That being said, it may never be too early to expose children to situations where she might begin to explore the dual representation nature of the globe. Even if a child hasn't reached an age where she understands that the earth is in fact a sphere, parents and teachers can lay the groundwork by talking about it in class or going to science exhibits and museums. Callanan et al. (2002) reviewed some strategies for effective parent-child conversations about representational objects, but unfortunately, most are applicable to concrete, rather then abstract concepts. However, they brought into focus the importance of social interaction within which children experience representational objects.
By integrating the social context of the globe-earth link and the theories on children's earth concepts, a likely overall interpretation about children's understanding of the earth could be this: Children can be trained to learn scientifically correct understanding of the earth using the globe as an external model and by giving them fragments of information when opportunities arise, to help them develop their own coherent and non-literal interpretation.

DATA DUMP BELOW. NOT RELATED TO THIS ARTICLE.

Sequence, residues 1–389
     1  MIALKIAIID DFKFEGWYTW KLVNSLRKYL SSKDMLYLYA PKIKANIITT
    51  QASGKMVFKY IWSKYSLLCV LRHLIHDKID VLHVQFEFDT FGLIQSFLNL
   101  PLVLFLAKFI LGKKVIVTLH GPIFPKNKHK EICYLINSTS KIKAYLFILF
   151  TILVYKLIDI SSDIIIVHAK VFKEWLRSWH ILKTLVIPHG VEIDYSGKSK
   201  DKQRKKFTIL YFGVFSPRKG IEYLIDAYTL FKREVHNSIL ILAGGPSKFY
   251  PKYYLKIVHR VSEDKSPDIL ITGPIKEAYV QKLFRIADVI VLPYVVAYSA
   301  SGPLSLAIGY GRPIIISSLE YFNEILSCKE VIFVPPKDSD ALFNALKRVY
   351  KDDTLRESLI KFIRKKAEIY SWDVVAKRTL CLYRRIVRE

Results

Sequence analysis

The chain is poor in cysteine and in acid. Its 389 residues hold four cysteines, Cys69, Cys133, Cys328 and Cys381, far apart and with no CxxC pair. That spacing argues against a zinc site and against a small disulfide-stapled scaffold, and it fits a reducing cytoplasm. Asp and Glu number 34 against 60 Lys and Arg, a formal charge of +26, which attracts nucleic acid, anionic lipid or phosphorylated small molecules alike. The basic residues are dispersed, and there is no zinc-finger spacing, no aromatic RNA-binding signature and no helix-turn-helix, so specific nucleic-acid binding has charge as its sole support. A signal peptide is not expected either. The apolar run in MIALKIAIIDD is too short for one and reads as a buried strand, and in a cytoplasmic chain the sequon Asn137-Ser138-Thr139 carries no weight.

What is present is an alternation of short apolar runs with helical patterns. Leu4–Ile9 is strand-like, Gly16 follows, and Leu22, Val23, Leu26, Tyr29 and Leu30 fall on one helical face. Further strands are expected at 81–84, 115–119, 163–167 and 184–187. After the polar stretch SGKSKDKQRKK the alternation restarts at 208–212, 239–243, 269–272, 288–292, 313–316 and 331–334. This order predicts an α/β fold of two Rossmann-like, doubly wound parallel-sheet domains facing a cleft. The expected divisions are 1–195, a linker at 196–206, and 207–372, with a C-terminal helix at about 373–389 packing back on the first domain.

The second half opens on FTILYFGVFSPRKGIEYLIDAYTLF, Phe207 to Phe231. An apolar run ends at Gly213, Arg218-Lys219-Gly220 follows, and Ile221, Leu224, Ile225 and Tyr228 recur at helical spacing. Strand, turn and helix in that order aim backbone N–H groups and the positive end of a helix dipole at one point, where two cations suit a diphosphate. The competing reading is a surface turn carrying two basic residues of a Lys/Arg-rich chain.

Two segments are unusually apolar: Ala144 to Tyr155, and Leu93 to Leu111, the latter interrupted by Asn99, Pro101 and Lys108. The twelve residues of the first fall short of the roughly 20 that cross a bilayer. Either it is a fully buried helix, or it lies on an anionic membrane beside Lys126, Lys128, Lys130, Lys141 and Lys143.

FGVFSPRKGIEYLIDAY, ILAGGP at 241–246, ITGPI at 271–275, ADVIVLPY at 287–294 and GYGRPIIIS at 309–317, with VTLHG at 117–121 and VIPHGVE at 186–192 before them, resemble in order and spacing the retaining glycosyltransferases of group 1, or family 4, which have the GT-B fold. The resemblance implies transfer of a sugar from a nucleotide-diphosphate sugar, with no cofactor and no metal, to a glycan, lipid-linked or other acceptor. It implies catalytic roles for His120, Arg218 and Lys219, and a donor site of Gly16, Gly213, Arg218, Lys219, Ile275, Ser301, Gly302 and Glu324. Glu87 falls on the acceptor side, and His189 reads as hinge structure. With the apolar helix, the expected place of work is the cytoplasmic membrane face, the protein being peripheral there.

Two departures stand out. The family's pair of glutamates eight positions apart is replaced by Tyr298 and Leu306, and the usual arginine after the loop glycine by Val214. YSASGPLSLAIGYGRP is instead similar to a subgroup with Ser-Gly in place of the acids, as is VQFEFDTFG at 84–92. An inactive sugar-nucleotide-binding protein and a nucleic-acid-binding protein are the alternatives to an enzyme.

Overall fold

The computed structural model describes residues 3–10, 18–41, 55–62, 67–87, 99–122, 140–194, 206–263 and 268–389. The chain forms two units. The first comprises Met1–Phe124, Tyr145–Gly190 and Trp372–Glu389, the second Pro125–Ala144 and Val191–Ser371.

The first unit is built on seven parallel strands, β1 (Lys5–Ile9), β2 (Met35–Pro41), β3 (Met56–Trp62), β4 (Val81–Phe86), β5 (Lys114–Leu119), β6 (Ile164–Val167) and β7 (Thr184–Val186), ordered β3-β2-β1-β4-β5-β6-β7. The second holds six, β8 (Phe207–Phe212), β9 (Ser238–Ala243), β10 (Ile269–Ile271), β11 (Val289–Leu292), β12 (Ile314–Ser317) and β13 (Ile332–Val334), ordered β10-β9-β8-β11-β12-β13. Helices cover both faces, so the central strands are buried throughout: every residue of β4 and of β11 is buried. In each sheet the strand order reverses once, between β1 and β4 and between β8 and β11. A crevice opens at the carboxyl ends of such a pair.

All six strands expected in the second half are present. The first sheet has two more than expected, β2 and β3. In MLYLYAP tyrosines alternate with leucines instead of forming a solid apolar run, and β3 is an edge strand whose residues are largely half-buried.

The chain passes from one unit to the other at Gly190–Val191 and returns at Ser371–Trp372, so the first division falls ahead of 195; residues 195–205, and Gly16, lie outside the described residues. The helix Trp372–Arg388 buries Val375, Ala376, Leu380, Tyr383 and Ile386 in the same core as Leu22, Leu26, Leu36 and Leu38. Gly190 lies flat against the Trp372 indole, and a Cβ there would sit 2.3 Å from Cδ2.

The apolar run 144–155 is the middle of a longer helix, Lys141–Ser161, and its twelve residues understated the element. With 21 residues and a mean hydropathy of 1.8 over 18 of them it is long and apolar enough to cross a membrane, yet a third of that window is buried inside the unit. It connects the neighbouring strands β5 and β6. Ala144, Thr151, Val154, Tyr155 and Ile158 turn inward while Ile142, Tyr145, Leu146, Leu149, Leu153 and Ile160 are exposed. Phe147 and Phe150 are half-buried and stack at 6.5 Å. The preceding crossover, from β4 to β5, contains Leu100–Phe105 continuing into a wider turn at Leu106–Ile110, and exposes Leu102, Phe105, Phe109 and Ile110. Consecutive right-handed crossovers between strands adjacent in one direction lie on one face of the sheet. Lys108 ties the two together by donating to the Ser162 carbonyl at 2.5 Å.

Finally, the lessons learned from the earth-globe research findings can be applied to other abstract concepts in science like atoms, gravity, and evolution. With modern technology and advances in computer-aided design, it is possible to create interesting models of an atom or a visual representation of gravity and evolution in museum or exhibit settings. Children can explore these models while teachers or parents engage them by providing simple information that focus on a particular aspect that the child is interested in. At home, parents and children can look at science picture books or videos and label the objects they see represented on the pages or videotape. In other words, there are various opportunities and many accessible representational objects that can be used to lay the groundwork for children to build a coherent understanding of abstract principles.